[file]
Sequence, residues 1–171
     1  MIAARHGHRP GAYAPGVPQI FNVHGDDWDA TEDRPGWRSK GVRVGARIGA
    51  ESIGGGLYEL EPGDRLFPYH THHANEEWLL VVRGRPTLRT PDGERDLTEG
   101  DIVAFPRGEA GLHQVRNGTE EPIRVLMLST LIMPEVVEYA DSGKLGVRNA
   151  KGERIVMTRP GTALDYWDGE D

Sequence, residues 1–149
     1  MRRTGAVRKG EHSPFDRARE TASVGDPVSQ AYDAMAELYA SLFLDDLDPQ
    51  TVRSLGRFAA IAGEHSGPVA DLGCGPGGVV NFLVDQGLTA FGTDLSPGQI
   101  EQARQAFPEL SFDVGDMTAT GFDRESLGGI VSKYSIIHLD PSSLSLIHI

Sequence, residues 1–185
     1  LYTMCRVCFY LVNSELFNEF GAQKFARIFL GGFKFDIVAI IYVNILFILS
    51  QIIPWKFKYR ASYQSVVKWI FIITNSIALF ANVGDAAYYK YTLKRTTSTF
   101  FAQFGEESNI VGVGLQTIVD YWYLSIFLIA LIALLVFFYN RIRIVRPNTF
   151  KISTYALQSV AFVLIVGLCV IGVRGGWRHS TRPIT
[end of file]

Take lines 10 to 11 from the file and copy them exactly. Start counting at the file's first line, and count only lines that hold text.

Sequence, residues 1–185
     1  LYTMCRVCFY LVNSELFNEF GAQKFARIFL GGFKFDIVAI IYVNILFILS